By the time Oliver Drake planted his director’s chair for the first shot of A Lust To Kill (1958), he’d already carved out quite a place for himself in the history of the Western. He was a real Hollywood veteran, writing cowboy pictures before sound came in, and amassing hundreds of credits. He scripted the incredible Riders Of The Whistling Skull (1937) for Republic, which pitted The Three Mesquiteers against mummies and an Indian cult. While it doesn’t reach the delirium of The Phantom Empire (1935), it has some of that same goofy genre-mixing charm.
As time went on, Drake was doing more and more. He wrote, produced, directed and even composed songs for dozens of Westerns for Universal and Monogram. The Universal Johnny Mack Brown picture The Lone Star Trail (1943) serves as a good example. He’s credited for the screenplay, as a composer and as associate producer. Around the same time, he began directing with more frequency, turning out low-budget pictures such the Jimmy Wakely series for Monogram.
It wasn’t all Westerns, however. Drake was producer and an uncredited scriptwriter on The Mummy’s Curse (1944), the last of Universal’s Lon Chaney Mummy cycle. And he wrote a couple of Monogram’s later Charlie Chan films. From what I can tell, he was a Story Machine.
As the Series Western made its way to television in the early 50s, Drake went along for the ride, writing episodes of everything from The Gene Autry Show to The Adventures Of Superman. But there were still features here and there, such as Marie Windsor in The Parson And The Outlaw (1957, which he wrote and directed) and A Lust To Kill.
A low-budget affair starring Jim Davis, Don Megowan and Allison Hayes — a Production Associates production released by Barjul International Pictures — A Lust To Kill is surprisingly adult and mean-spirited. If it lacked certain production values, it made sure it offered stuff TV couldn’t touch.
Cheney Holland (Megowan) and his brother Luke are involved in a robbery of a load of rifles and abandoned by the rest of their gang. Luke is killed and Cheney apprehended by the pursuing lawmen, a posse that includes former friend Marshal Matt Gordon (Jim Davis). During his brother’s funeral, Cheney escapes with the aid of his girl Sherry (Allison Hayes). While Cheney seeks to settle the score with his gang, Marshall Gordon is after Cheney. Early on, we care for Cheney. There’s good in him and he wants to lead a simple, honest life — but Fate just won’t let him. Over the course of the picture, we know his bad side has won out, and our sympathies start to shift to Jim Davis.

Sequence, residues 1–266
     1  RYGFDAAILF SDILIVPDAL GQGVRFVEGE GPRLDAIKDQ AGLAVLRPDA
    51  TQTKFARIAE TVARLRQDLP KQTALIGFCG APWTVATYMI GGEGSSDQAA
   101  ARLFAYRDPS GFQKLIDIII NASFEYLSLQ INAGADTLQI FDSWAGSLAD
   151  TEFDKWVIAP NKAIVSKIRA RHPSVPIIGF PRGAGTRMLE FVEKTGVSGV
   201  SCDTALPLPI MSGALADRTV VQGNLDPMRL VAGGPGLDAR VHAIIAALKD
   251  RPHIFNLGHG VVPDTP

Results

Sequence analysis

The story and screenplay were by Tom Hubbard and Sam Roeca, who’d written episodes of 26 Men, a Western series from the same period Drake often directed. Director of Photography Glen MacWilliams shot Alfred Hitchcock’s Lifeboat (1944), which landed him an Oscar nomination. While the picture has the look of your typical 40s Series Western, its tone and noir-ish plot (not to mention the skinny-dipping barmaids) place it squarely in the 50s. The performances are quite good for a picture that was obviously done on the cheap (and the quick), and we owe the cast and Drake for doing quite a lot with what looks like very little. Having Davis provide a voiceover at the beginning and end from Ecclesiastes 3 is a cool touch. This gritty little picture is well worth 70 minutes of your time. (The only serious liability is the stock music. It’s effective at times, but wildly inconsistent overall.)
You’ll find A Lust To Kill readily available on DVD from Alpha Video. By Alpha’s standards, it looks pretty good. By any other standards, however, it’s a supreme insult. (At least it’s cheap.) An Oscar-caliber cinematographer deserves better treatment than this, even if it’s nowhere near the picture he was nominated for. It’s also available on DVD-R from Something Weird Video. I haven’t seen their release, but I hear it’s much better. It couldn’t help but be.
I’ve been meaning to write about A Lust To Kill for some time. When I recently came into contact with Lisa Drake, Oliver Drake’s daughter, it seemed like the right time to do it. Below is a photo of Oliver Drake’s ranch in Pearblossum, California. Some of A Lust To Kill was shot there. Drake built the house himself — it had electricity, running (cold) water and little else. (May do more on the ranch a bit later.) Thanks to Miss Drake for the photos.